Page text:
Last updated on February 14, 2023
Thick smoke billows into the sky, filling the air with ash. Books are tossed into hungry fires and burned. The day is May 10, 1933, when university students across Germany burned over 25,000 books (PBS). Book burning was featured prominently during the Holocaust, over 80 years ago, but a similar practice emerges today, book bans. PEN America states, recently “bans occurred in 138 school districts in 32 states. These districts represent 5,049 schools with a combined enrollment of nearly 4 million students.” These millions of kids are losing vital knowledge, exposure, and resources because adults have decided that the books are too “critical” or “offensive” for students to view.
Adult representatives are choosing what students should be exposed to based on their own unique belief systems. In 2019, students made up only 1% of the people attempting to ban books thought to be “inappropriate” for student utilization (American Library Association). Students are developing an understanding of history and life based on the books they read. Why should one adult, parent, administrator, etc., decide how an entire generation perceives the world? Kristen Mei Chase of The Washington Post writes “as a biracial Asian American mother raising multiracial kids, two of whom are LGBTQ, I will do whatever I can to make sure they see themselves in the books at their schools. I want my children to read a variety of books to both see themselves in literature, and to see how others live, and how the world actually works. I want books to challenge them. I don’t want their books to be challenged.”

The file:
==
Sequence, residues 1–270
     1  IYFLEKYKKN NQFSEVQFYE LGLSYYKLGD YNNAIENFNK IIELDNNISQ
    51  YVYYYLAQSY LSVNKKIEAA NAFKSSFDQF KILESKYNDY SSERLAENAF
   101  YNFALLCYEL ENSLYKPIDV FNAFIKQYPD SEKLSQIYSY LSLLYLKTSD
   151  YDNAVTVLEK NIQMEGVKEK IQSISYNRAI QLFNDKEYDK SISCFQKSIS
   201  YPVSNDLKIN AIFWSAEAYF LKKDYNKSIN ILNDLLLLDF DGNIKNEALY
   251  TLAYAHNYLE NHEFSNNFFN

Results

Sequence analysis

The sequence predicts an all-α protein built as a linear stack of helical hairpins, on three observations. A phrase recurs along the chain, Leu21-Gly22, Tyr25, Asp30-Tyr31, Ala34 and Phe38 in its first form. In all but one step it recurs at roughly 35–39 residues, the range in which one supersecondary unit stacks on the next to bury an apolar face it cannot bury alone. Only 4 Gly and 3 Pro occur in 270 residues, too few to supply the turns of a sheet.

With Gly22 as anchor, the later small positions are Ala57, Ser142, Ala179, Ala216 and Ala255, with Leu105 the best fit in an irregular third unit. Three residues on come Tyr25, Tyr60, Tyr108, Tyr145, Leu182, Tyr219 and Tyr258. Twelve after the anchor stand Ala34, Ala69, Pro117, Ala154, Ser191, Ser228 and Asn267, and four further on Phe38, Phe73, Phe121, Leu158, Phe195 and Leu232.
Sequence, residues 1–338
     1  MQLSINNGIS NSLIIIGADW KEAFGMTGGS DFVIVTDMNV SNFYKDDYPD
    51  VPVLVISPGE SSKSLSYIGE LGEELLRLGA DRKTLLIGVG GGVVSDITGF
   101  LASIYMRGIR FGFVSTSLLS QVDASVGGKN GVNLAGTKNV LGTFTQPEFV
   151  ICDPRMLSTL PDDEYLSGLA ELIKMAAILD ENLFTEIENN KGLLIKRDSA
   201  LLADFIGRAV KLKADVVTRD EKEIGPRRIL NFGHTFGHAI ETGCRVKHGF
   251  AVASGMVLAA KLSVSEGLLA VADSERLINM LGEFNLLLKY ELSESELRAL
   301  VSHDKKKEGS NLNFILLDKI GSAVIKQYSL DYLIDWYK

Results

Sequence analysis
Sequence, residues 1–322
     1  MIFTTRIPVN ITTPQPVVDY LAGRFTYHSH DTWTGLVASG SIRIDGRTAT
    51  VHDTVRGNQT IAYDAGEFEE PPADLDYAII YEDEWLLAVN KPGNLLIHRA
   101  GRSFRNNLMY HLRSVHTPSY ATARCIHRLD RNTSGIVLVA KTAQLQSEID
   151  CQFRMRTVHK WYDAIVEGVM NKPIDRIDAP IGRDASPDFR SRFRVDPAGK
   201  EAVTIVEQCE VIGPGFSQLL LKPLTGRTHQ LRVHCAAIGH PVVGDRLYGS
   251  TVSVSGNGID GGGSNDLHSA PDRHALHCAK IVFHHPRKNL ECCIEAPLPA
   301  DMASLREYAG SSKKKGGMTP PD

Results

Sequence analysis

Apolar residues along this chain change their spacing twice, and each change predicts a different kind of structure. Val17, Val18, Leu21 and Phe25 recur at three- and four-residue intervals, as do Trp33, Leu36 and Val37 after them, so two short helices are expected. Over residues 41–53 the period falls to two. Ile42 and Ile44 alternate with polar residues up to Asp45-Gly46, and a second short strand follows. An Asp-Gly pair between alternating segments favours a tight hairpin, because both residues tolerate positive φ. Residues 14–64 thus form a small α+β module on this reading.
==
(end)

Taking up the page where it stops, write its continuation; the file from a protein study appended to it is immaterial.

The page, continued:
A state legislator in Texas produced a list of more than 850 books that he contended may cause students to feel “discomfort, guilt, anguish or any other form of psychological distress” because of their race or sex. A Dallas Morning News review found 97 of the first 100 books on the list were written by People of Color, women, or LGBTQ authors (BBC News).
There has been a significant increase in book banning this year as a backlash against Critical Race Theory, also known as CRT. CRT is a legal theory that highlights how structural racism exists in laws and policies. This is a large problem that is starting to endanger the entirety of the new generation.
Organizations such as the African American Policy Forum (AAPF) and the Transformative Justice Coalition (TJC) are fighting against book bans by spreading information about the problem and mobilizing voters #IReadBannedBooks. You have the power to push back against adults limiting your perspective. You can fight for your right to read and learn what you want. You can change the world!
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